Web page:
One more charge must be considered: I speak of the charge that all who deny the gracious and well-meant offer are called “Hyper-Calvinists.” This is rather silly, because never so far as I know has a reason been given why those who deny the heresy of the well-meant gospel offer are Hyper-Calvinists. But the charge sticks and many in America and overseas, especially in the British Isles, have picked up the term.

In a way, it is a lazy man’s method of argumentation. To find an opprobrious name and to label someone with it is a far easier way to refute someone’s position than to show carefully and fully why one is wrong in what he does or teaches. To label one a Hyper-Calvinist who shows carefully that the gracious and well-meant gospel offer is contrary to Scripture seems to relieve one of the more difficult task of showing from Scripture that Scripture indeed teaches a grace of God towards all men in the preaching of the gospel.

But as is true of all labels and opprobrious names, this one too is spurious. The church is plagued by Hyper-Calvinists. I myself have debated in correspondence with and lost the friendship of those who are adamant in their Hyper-Calvinistic position. Hyper-Calvinists teach that the gospel, especially the command of the gospel to repent from sin and believe in Christ, is for the elect only. They deny, therefore, the words of Jesus, “Many are called, but few are chosen” (Matt. 22:14). They do not deal honestly with such passages as Proverbs 8:1-6: “Doth not wisdom cry? And understanding put forth her voice? She standeth in the top of high places, by the way in the places of the paths. She crieth at the gates, at the entry of the city, at the coming in at the doors. Unto you, O men, I call; and my voice is to the sons of man. O ye simple, understand wisdom: and ye fools, be ye of an understanding heart. Hear; for I will speak of excellent things . . .”

There are many other passages of a similar kind. One can find a detailed discussion of this subject in David Engelsma’s book, Hyper-Calvinism and the Call of the Gospel.

It is Biblical and Reformed to teach that the gospel is and must be promiscuously proclaimed. Christ’s command is to go into all the world and teach all nations (Matt. 28:19). That preaching of the gospel must include the promise of God to save all those who believe, and the command to all who hear the gospel to repent of their sins and believe in Christ.

There is a world of difference between an offer and a command. God does not offer salvation, give grace to a depraved sinner that he may make a choice, and then await the man’s decision. He commands to man to repent of sin and believe in Christ. It is an obligation laid on everyone to turn from one’s evil way and serve God. It is so much an obligation that to disobey warrants punishment in hell. Disobedience to God’s command is deadly.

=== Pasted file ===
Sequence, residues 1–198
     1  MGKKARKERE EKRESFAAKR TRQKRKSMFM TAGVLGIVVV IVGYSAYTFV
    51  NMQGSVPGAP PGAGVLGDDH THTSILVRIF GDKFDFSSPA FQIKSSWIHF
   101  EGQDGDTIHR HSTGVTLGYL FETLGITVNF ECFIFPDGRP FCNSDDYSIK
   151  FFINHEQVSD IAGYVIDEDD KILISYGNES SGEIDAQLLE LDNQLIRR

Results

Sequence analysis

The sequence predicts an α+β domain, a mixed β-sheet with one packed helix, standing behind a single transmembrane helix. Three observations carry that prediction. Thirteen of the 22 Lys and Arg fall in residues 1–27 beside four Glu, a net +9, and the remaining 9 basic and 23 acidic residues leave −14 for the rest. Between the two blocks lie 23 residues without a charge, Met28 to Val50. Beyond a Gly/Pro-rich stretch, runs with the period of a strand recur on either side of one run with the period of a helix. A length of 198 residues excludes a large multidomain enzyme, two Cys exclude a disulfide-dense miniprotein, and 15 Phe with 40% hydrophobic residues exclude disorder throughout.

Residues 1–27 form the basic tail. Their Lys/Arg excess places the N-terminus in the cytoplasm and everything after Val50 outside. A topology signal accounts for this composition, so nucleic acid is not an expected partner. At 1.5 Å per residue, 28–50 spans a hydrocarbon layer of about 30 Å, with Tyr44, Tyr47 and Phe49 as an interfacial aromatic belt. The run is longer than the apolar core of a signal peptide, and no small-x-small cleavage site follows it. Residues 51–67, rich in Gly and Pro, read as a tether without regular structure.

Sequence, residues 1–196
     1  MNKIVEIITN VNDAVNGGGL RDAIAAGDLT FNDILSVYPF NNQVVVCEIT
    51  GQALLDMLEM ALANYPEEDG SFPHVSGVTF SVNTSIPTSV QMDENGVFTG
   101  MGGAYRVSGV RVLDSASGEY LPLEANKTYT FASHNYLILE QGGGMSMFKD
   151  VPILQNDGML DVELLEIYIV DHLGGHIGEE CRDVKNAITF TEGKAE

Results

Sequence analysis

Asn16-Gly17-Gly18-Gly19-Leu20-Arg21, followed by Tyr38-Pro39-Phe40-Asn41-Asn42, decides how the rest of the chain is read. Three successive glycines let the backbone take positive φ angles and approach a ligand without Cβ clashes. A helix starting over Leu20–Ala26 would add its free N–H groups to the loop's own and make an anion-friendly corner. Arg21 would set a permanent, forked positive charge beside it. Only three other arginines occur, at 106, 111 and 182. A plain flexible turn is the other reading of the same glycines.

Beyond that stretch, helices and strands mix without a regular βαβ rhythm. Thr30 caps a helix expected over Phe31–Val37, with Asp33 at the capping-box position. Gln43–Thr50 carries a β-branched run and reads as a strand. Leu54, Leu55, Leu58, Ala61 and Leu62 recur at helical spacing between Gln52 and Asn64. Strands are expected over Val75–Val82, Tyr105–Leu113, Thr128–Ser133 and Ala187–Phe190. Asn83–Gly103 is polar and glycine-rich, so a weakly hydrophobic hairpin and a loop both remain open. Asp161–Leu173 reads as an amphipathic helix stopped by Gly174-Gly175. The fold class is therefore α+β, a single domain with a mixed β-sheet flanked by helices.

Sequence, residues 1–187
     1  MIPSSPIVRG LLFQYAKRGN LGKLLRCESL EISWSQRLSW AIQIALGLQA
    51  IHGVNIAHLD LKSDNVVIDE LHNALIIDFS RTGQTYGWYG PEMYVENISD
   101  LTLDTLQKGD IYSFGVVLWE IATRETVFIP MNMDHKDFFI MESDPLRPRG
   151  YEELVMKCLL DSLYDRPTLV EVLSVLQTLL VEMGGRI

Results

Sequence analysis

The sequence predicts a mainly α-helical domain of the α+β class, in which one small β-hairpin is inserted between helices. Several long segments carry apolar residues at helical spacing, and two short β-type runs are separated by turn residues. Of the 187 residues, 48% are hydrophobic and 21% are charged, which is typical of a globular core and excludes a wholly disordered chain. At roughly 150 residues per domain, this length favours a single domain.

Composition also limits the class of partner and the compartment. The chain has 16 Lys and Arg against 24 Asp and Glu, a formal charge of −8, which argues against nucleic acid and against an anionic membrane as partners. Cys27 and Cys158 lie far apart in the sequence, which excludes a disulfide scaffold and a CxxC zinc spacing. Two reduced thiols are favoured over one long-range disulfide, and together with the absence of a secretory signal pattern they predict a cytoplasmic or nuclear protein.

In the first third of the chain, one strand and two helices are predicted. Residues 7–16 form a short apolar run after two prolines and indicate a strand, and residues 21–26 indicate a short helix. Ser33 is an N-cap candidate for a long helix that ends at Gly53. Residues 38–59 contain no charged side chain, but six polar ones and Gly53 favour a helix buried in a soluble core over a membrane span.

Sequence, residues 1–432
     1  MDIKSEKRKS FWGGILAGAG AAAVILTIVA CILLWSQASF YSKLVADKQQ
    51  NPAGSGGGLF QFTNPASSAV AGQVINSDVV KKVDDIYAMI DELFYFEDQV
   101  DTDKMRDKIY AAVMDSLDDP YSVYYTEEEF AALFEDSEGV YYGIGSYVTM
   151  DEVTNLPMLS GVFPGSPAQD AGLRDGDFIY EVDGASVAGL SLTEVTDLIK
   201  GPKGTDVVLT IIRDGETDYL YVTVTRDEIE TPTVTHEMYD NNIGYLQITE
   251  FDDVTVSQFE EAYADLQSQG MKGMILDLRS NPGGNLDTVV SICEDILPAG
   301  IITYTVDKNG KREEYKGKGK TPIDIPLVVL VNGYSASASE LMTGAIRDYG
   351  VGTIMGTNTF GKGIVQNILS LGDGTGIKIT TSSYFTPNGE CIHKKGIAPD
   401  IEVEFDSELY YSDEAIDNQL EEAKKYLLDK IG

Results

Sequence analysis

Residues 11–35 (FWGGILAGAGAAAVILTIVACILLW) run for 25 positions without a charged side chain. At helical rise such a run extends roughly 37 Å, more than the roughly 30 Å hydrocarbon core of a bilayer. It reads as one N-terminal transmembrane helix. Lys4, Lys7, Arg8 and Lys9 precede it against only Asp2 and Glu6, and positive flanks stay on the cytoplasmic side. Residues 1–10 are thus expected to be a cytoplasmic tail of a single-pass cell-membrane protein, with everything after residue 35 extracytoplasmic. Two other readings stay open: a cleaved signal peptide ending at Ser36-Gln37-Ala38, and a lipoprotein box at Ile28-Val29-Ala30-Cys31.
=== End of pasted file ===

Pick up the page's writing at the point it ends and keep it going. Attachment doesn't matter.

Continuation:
The obligation to repent of sin rests upon man in spite of his total depravity. The proponents of common grace are sufficiently intelligent to see that a totally depraved man cannot obey the command, nor can he accept the offer of salvation. A general grace has to be introduced; a grace that makes it possible for a totally depraved man to accept or reject what is proclaimed in the gospel and offered to him.

Underneath lies the problem: How can God demand of a man that which he is incapable of doing? How can God require man to repent of sin when he is totally depraved and incapable of obeying God’s command? How can he believe in Christ when faith is a gift of God and God gives faith only to those whom he has elected?

The Hyper-Calvinist says: “God doesn’t do this. He does not demand of man that which he cannot do” The gracious-offer man says: “God would be unjust in demanding of man that which he is incapable of doing. Therefore, God really wants him to be saved, but permits the choice to be man’s choice, and he gives grace so that his total depravity is mitigated and he can make the choice.” The Reformed man says, without hesitation, “Yes, God demands of man that which He cannot do. That is Biblical and Confessional teaching. “Doth not God then do injustice to man, by requiring from him in His law that which he cannot perform? Not at all, for God made man capable of performing it; but man, by the instigation of the devil, and his own willful disobedience, deprived himself and all his posterity of those divine gifts” (________, Confessions, 86 Heidelberg Catechism q & a 9).

Two points are made here. The first is that the fall of Adam is our responsibility, for Adam sinned as our federal head. We turned our backs on God and his command – in Adam. The second is that God does not simply forget his just demands of man. He cannot do that and remain just – any more than a bank may excuse a mortgage holder from making his payments on the mortgage. The house-owner’s own profligacy does not excuse him from his monthly payments.

And so the command continues to come to man to repent of his sin, forsake his evil way and live in obedience to God.

To believe in Christ is for sinful man the way to escape his depravity and be saved from his sin. Of course, man cannot believe any more than he can repent. Repentance brings him necessarily to Christ and faith in Christ. Hence the command is to repent and to believe in Christ. Both are part of one command.

But Hyper-Calvinists we are not.

With warmest regards,